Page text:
CVE-2022-41097 Network Policy Server (NPS) RADIUS Protocol Information Disclosure Vulnerability.

CVE-2022-41097 Network Policy Server (NPS) RADIUS Protocol Information Disclosure Vulnerability.

It is possible to retrieve information, such as the user’s name, e-mail address, or password, by submitting a specific packet on the NPS. This can be exploited if the service is configured to authenticate users on the RADIUS protocol. NPS is a web-based authentication server that can be used by administrators to control access to a network. By default, it is installed on the majority of Linux, Microsoft Windows, and Apple OS X systems. NPS is used in various industries for network access control, including companies in the finance, healthcare, and government sectors. It can also be found in residential and academic settings.

NPS can be exploited by an attacker by enticing a user to click a malicious link, visit a compromised web site, or open a malicious file. An exploit can be delivered in a variety of ways, such as sending an email with a malicious attachment, posting a link on social media, or dropping a file on a user’s computer. Once executed, the exploit attempts to retrieve information by sending a packet on the RADIANS protocol to the NPS. A successful exploit results in the attacker receiving the information that was requested by the user.

The following are some scenarios in which this vulnerability can be exploited. - An attacker can send a malicious link to a user, tricking him/her into visiting it. - An attacker can drop a malicious file on a user’s computer, tricking him

VENDOR RESPONSE AND MITIGATION

- There are no known exploits in the wild. - A patch is available for CVE-2022-41097.

Operation and Mitigation

An attacker can exploit this vulnerability by crafting a link or file that will execute the exploit. The user should be notified of when an attempt was made to exploit the vulnerability and if it was successful. If the user has administrative privileges, he/she can mitigate the attack by configuring NPS to authenticate users on RADIUS protocol instead of HTTP. If the user can’t change this setting, he/she could request an audit from their network administrator.

Useful links:
NPS - https://www.cisco.com/c/en/us/products/network-access-control-systems-nanacvs/nps
RADIUS - https://en.wikipedia.org/wiki/Remote_Authentication_Diameter

How Does This Vulnerability Make an Attack Possible?

If an attacker sends a malicious link to a user, the exploit executes when the user clicks on the link. The exploit attempts to retrieve information by sending a packet on the RADIUS protocol to the NPS. A successful exploit results in the attacker receiving the information that was requested by the user.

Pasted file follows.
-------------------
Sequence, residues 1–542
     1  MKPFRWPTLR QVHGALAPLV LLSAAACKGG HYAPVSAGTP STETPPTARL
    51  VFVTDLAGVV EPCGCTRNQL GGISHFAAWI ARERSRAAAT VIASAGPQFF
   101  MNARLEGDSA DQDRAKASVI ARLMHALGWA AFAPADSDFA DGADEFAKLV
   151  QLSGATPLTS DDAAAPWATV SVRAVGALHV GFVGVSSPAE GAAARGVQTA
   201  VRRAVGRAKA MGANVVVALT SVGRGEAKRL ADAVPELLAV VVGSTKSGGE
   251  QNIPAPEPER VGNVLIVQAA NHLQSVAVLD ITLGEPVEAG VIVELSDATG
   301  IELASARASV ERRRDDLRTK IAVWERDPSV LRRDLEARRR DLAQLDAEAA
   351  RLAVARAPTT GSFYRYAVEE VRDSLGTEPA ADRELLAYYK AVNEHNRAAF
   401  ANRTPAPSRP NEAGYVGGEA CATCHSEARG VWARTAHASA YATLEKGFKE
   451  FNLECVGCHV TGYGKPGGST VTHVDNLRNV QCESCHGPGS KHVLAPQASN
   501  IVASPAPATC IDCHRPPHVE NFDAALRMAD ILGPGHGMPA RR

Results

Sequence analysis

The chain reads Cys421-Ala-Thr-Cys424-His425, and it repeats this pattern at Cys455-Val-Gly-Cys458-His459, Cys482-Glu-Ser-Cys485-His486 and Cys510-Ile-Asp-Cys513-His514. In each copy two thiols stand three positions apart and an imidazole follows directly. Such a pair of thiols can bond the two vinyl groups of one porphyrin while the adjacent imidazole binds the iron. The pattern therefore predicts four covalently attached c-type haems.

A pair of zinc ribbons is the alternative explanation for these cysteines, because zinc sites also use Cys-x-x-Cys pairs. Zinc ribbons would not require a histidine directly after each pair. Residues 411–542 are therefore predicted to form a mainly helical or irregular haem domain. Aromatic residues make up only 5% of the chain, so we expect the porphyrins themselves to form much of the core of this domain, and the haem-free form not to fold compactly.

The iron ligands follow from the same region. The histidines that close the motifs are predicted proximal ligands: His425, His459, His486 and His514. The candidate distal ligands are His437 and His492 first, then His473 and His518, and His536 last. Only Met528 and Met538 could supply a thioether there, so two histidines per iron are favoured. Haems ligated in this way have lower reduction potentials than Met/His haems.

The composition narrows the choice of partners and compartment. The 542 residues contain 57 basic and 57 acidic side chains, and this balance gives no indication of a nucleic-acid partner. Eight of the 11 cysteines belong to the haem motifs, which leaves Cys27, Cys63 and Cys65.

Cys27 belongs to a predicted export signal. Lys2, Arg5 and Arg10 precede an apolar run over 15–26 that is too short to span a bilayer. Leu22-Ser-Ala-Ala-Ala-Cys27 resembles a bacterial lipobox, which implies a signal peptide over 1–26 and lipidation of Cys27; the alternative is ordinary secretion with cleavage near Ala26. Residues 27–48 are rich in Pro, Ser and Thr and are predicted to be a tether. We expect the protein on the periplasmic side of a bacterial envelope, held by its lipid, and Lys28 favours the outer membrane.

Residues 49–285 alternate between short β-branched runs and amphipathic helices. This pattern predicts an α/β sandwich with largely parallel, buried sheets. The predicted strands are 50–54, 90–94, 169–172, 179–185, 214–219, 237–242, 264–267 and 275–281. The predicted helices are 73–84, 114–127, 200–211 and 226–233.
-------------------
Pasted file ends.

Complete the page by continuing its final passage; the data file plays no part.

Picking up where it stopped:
- An attacker can also drop a malicious file on a user’s computer, tricking him/her into opening it and running the exploit.
- Another way an attacker could use this vulnerability is by sending an email with a malicious attachment to an authorized user of your network.
An attack would be possible if: * The attacker wants to exfiltrate personally identifiable information from your system * The attacker wants to create access for himself/herself or others
To prevent exploits from being successful, you should always follow best practices for configuring your systems and limit privileges and permissions for operating systems, services, and users. You should also be sure that you are using strong passwords and two-factor authentication options.

Overview of the NPS Vulnerability

NPS is a web-based authentication server that can be used by administrators to control access to a network. By default, it is installed on the majority of Linux, Microsoft Windows, and Apple OS X systems. NPS is used in various industries for network access control, including companies in the finance, healthcare, and government sectors. It can also be found in residential and academic settings.

NPS can be exploited by an attacker by enticing a user to click a malicious link, visit a compromised web site, or open a malicious file. An exploit can be delivered in a variety of ways, such as sending an email with a malicious attachment, posting a link on social media, or dropping a file on a user’s computer. Once executed, the exploit attempts to retrieve information by sending specific packets on the RADIANS protocol to the NPS service. A successful exploit results in the attacker receiving the information that was requested by the user.

The following are some scenarios in which this vulnerability can be exploited: - An attacker can send a malicious link to a user who comes across it online; this links prompts him/her into visiting it (the attack is successful). - An attacker could drop an un-signed malicious file onto someone else's computer; this then prompts them into opening it (the attack will succeed).

References

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